The outcry against horses in the Sierra has been growing in recent years, and the horsemen are scared. They see the likelihood that they will soon be excluded from certain trails, perhaps even from whole districts of the mountains. The Backcountry Horsemen of America is a new organization founded for the purpose of perpetuating horse access to the mountains by a threefold strategy, volunteer service (cleaning up litter, restoring impacted campsites), educating horsemen on minimum-impact or no-impact horse handling, and becoming involved in planning and lobbying. Their publication, “Back Country Horsemen Guidebook” is an excellent manual for avoiding trouble, though it does suggest hikers should wait on the downhill side of the trail for the stock to pass. I will stand quietly uphill and depend on the horsemen to keep their animals from bolting as they pass. This may seem a little hard on strings of mules, since mules are notorious for forgetting that they have ever seen a hat or whatever before, and are likely to shy away at this unknown object perched on a person’s head. I’ve spent enough time in the Himalaya, trekking for weeks on end with pack horses, so I’m not outraged by sharing the mountains with them.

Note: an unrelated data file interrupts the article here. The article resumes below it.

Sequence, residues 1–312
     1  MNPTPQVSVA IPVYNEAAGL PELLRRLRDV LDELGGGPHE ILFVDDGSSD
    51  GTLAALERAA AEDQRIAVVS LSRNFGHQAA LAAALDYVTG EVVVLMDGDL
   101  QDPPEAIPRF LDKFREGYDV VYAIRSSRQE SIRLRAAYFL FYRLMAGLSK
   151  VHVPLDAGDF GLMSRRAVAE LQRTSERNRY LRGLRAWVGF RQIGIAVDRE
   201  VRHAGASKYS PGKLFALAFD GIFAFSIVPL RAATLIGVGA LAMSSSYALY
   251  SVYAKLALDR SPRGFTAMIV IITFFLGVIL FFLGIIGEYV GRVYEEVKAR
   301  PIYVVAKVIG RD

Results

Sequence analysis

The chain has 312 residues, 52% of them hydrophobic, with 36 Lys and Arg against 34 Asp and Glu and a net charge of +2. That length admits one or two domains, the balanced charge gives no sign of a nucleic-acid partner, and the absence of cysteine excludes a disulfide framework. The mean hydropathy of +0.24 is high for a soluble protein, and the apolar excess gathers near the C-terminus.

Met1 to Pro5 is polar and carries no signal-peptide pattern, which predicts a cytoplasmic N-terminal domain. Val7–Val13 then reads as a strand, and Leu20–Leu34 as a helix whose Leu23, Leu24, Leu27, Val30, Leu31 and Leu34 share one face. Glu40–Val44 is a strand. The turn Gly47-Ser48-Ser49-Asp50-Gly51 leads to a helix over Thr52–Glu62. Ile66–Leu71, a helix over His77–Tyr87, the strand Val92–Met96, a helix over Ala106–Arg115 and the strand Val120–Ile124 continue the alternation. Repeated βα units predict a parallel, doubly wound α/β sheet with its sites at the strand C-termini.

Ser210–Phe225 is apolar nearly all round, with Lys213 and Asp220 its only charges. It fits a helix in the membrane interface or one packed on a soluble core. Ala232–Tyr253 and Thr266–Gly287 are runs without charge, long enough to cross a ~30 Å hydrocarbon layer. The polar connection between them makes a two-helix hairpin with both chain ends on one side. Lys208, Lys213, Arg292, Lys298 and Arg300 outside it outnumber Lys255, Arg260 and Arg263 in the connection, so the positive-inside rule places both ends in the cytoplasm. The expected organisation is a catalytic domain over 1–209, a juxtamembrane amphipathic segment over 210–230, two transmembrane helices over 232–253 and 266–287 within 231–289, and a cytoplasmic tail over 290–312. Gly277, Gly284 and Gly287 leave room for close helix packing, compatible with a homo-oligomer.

Hours later, drifting off to sleep, I heard some of the group heading up the trail, out for a moonlight ride. They came back hours later, the horses hooves rattling the ground a few yards from me. It was almost enough to make we wish I’d gone on. Except for the beer.